Tuesday, April 17, 2012

NRA Lobbies More States to Pass 'Stand Your Ground' to Create National Peace Through Fear

SAN NARCISO, Calif. (Bennington Vale Evening Transcript) -- As George Zimmerman heads to trial on second-degree murder charges for the slaying of unarmed teen Trayvon Martin, Florida's "Stand Your Ground Law" becomes the center of a much larger national debate over gun rights. Murders in Florida have increased consistently since "Stand Your Ground" was implemented in 2005. The National Rifle Association says this is proof that more needs to be done to increase gun ownership. Only 25 states now have some form of "Stand Your Ground" on their books. The NRA has donated hundreds of thousands of dollars to influential lawmakers in efforts to promote the restoration of Second Amendment freedoms. This type of legislation, its proponents say, protects individuals in an increasingly dangerous society by according them not only the right to open fire on any perceived threat, real or imagined, but also to walk away with complete immunity. To the victor go the spoils. But namby-pamby prosecutors and hippie activists in the deep pockets of Big-Peace are trying to stop the NRA from saving American lives.

"The 'Stand Your Ground' type laws are promoting aggression on both sides now," said California prosecutor Riley Muttersmilch. "The perceived assailants and the alleged victims are all claiming ground and trying to stand on it -- like a bunch of up-armored, delusional hillbilly homesteaders. This isn't a movement toward public safety, it's an endorsement for a consequence-free culture of vigilantism. It's going to create a frightened, paranoid, homicidal citizenry."

Surprisingly, the NRA agreed with Muttersmilch's assessment. Thorn Havershabe, head of the San Narciso County NRA chapter, said that "fear-mongering doesn't even begin to hint at the scope of this initiative. Cops make life and death judgments everyday on the streets. I think these are solemn decisions best left to the people involved, not government-paid nannies who show up in the middle of things. Our detractors are accusing us of spreading fear. We agree, that's the whole point. If I've got a gun and you've got a gun and your druggie teen has a gun, we're all scared s**tless for our lives. Will I get out this grocery store alive? Is that girl going to gut me for giving her a little whistle? Will the preacher pump a round of hollow-points into my skull if I don't put enough in the collection plate? Is racial profiling even a thing at this point? Who knows, but it keeps the nation on an even keel. It restores civility."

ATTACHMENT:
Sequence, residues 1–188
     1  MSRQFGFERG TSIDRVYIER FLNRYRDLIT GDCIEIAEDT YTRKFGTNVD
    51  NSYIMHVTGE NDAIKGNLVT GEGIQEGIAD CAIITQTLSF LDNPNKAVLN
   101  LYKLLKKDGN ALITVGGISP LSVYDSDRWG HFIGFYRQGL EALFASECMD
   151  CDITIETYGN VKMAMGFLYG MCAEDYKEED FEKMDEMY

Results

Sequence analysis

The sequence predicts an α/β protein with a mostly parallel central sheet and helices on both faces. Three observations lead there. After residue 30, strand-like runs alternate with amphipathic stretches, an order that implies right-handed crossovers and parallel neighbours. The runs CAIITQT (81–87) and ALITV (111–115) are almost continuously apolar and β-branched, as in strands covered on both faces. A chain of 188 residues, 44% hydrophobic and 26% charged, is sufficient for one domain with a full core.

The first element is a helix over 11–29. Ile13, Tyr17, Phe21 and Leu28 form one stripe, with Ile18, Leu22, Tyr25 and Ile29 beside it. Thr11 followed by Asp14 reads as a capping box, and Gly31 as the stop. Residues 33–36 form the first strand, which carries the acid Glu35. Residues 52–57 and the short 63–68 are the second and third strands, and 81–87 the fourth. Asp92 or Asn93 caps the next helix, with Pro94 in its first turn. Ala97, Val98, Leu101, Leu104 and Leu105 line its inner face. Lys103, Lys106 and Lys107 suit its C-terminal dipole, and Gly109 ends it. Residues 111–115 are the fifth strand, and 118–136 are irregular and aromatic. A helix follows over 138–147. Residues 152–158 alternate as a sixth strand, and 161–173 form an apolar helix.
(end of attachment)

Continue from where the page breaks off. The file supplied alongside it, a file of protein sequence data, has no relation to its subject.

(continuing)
According to Havershabe, that's the key message in the concept of "nothing to fear but fear itself." A society perpetually frightened to provoke its citizens -- even mildly -- is a society that practices courtesy, self-governance and good driving: "In a culture of 'nothing to fear but fear itself,' that's all we have to be frightened of -- fear. So passing a federal law requiring people to carry loaded, concealed weapons also reduces the ridiculous amount of things we need to be afraid of to just one."

"Look at America in times of fear," Havershabe added. "We won World War II. We killed bin Landen. Why do folks look back on the 50s so fondly? Because of the class and panache and common decency and family values. And those things were made possible by the fear that the Soviets and the United States were going to nuke the hell out of other if somebody stepped out of line. It's like the ultimate Santa Claus, but with thermonuclear capabilities. Fear is a natural instinct in every animal -- it's what keeps them safe. But in times without fear, we get stupid and cocky. Then 9/11 happens. Or Barack Obama. Same difference -- a takeover by Muslim terrorists from another country."

(c) 2012. See disclaimers.

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